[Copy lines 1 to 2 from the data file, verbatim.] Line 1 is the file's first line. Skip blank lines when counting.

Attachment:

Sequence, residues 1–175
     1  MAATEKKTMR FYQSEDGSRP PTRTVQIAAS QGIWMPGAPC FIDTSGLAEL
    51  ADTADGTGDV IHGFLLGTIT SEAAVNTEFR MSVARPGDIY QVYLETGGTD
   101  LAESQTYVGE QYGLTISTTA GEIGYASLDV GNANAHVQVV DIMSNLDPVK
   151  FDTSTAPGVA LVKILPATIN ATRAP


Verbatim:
Sequence, residues 1–175
     1  MAATEKKTMR FYQSEDGSRP PTRTVQIAAS QGIWMPGAPC FIDTSGLAEL